HomeNewsIn the Riviera Maya, Cartel Extortion Schemes Know No Limits
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In the Riviera Maya, Cartel Extortion Schemes Know No Limits

EXTORTION / 7 OCT 2021 BY KAI BERNIER-CHEN EN

Despite the pandemic’s economic fallout being felt throughout the Riviera Maya, cartels have continued their extortion schemes in Mexico's popular tourist destination, where their operations have grown to target everyone from local vendors to large businesses.

The breadth of cartel extortion schemes in the Riviera Maya was the focus of a report published in late September by Mexico Evalúa, one of Mexico's leading public policy think tanks. The report highlighted a sting in which Quintana Roo state policemen posed as employees and security guards of a business to uncover an extortion ring.

Officials investigated a group that collected derecho/cobro de piso (user rights), one of the 12 forms of extortion recognized by state authorities. The operation resulted in police stopping a van, designed to look like public transportation, carrying the group's members. All were arrested on charges of extortion.

From costumed characters to high-end hotels and restaurants, everyone is a target of this widespread extortion. According to James Tobin, a member of the National Public Security Council, the extortion prices range from around 200 pesos (about $10) a day for individual vendors to anywhere from 25,000 to 100,000 pesos ($1,200 to $4,900) for larger businesses.

According to Mexico Evalúa, the primary groups responsible for extortion in the area are the country's two most powerful criminal groups, the Sinaloa Cartel and the Jalisco Cartel New Generation (Cartel Jalisco Nueva Generación - CJNG), as well as local group the Pelones. However, common criminals have also been known to pose as cartel members to shake down local businesses.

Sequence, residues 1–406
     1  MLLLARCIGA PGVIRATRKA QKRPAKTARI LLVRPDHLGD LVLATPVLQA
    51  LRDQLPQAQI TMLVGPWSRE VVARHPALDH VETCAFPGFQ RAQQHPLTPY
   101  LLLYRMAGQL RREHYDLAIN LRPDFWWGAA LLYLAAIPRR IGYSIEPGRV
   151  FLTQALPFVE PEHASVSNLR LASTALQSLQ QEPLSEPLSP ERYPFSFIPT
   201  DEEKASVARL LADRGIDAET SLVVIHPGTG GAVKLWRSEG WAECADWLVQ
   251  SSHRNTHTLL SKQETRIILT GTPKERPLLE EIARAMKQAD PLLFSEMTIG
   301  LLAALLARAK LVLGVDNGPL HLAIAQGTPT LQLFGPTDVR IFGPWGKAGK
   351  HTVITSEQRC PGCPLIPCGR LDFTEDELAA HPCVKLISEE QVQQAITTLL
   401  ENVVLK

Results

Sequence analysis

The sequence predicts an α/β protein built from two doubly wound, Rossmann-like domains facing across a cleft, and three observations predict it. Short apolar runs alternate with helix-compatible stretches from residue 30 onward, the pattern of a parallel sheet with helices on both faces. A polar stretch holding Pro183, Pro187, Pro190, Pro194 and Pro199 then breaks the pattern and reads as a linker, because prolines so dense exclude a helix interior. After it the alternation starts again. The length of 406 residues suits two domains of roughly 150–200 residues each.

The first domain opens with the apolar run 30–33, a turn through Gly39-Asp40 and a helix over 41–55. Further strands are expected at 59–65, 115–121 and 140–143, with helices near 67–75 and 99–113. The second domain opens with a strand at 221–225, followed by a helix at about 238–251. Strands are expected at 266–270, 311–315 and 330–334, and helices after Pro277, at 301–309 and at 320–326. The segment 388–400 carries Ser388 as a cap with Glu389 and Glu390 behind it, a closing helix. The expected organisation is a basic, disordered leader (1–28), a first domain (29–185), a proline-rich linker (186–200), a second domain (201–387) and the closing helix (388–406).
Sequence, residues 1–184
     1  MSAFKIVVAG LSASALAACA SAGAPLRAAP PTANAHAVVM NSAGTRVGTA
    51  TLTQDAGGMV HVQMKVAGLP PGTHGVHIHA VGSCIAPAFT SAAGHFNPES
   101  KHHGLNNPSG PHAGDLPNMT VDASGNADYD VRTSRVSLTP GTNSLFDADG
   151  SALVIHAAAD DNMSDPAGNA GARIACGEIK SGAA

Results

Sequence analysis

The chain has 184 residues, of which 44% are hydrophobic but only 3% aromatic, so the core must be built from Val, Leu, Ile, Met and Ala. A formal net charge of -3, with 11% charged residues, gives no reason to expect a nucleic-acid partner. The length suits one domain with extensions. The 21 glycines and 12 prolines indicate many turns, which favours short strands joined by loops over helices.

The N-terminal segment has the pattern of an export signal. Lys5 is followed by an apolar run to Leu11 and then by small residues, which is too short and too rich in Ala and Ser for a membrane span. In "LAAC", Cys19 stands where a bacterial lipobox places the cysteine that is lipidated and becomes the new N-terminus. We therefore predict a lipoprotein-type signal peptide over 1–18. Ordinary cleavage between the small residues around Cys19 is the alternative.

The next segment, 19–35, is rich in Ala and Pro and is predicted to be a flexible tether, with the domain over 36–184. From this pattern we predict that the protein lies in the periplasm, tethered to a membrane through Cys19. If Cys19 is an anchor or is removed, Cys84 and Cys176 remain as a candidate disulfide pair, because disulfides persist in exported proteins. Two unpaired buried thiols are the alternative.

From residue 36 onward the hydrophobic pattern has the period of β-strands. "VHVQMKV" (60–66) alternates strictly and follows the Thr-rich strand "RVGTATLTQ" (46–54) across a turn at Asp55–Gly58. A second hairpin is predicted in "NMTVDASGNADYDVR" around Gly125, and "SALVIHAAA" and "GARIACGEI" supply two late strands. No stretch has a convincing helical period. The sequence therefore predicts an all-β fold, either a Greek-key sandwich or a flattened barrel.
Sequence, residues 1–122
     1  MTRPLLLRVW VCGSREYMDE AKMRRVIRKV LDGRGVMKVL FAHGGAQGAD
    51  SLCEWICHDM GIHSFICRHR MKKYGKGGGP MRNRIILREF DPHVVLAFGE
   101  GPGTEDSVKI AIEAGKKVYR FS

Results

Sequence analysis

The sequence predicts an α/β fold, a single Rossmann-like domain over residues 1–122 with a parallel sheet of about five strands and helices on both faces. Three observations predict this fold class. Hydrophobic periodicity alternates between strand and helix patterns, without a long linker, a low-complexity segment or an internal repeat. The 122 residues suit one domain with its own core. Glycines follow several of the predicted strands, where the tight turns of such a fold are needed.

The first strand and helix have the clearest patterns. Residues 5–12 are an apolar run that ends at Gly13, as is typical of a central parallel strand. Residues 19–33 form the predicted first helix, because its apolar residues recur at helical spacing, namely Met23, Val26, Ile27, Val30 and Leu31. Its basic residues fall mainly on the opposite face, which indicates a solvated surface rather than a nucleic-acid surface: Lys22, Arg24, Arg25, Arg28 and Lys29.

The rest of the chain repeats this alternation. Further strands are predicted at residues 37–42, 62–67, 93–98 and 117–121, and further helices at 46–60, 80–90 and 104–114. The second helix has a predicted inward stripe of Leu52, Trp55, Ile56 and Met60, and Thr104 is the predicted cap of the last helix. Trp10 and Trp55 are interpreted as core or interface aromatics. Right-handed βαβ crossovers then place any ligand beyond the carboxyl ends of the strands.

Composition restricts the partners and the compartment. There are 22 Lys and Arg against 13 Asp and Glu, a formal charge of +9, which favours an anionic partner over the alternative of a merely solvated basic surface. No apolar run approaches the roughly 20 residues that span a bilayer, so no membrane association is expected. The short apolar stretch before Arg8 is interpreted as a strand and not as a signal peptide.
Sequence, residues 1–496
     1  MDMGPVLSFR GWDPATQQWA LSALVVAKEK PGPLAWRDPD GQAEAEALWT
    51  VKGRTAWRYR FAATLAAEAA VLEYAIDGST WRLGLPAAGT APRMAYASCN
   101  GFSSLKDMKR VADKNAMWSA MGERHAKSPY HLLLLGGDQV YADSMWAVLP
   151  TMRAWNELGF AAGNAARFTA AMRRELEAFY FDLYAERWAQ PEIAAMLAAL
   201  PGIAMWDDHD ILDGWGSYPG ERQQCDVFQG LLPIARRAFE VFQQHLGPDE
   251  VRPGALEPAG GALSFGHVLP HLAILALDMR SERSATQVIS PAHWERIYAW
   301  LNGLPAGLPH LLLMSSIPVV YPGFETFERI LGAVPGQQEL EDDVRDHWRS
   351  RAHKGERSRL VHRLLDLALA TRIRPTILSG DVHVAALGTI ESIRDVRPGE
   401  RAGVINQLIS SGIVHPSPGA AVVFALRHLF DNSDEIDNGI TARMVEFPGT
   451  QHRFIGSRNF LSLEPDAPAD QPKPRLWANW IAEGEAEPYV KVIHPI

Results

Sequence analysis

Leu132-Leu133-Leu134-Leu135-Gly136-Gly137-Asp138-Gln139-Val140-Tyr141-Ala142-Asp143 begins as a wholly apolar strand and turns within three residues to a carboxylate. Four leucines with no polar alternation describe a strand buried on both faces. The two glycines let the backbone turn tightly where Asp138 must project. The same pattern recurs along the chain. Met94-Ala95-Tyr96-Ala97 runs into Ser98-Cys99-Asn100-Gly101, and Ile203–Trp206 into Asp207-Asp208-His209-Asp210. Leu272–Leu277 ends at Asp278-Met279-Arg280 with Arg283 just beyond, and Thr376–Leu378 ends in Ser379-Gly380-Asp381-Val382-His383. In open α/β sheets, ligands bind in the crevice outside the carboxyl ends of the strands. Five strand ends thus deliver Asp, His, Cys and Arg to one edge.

Additional extortion-related arrests in Cancún and Playa del Carmen underscore this scheme's prevalence throughout the Rivera Maya.

SEE ALSO: Coronavirus and Crime - Lethal Combo for Mexico's Riviera Maya

In recent years, the Riviera Maya has seen a rise in the extortion of resorts, along with a variety of other methods of extortion, including one of the world’s largest ATM scams.

InSight Crime Analysis

While the pandemic has slowed the tourism-based economy throughout the Riviera Maya, cartel extortion schemes have not only continued to grow but spread to target nearly all local businesses.

In Quintana Roo, derecho/cobro de piso ranks among the most common extortion methods, according to the state’s Secretary of Public Security, Lucio Hernández.

The state of Quintana Roo had the second highest rate of extortion complaints per 100,000 residents in 2020, according to the Quintana Roo Security and Gender Observatory (Observatorio de Seguridad y Género de Quintana Roo - Osege). In the first semester of this year, cases have been reduced by 62 percent, but 911 calls related to this crime in the same period have increased by 49 percent.

Yet, almost 99 percent of extortion cases go unreported.

The reasons for the lack of reports by victims of extortion are two-fold: a fear of reprisal and a distrust of the authorities. In this context, testimonies collected by these Mexico Evalúa investigations provide significant insight into the victims of these extortion schemes.

SEE ALSO: The Sicilianization of Mexican Drug Cartels

They also illustrate how these extortion schemes are being carried out – from threats over the phone to in-person visits to businesses, often involving intimidation or violence toward employees.

However, the prevalence of extortion schemes is not just unique to Quintana Roo, as Mexico Evalúa has also investigated and analyzed extortion case studies in the states of Chihuahua, Michoacán, and Baja California.

Nationally, there were nearly one million cases of extortion recorded in 2020 – with 1,821 out of every 10,000 businesses victimized. It's estimated that extortion costs the Mexican economy an average of 226,000 million pesos ($11.3 million) annually, or approximately 1.25 percent of the country's Gross Domestic Product (GDP).

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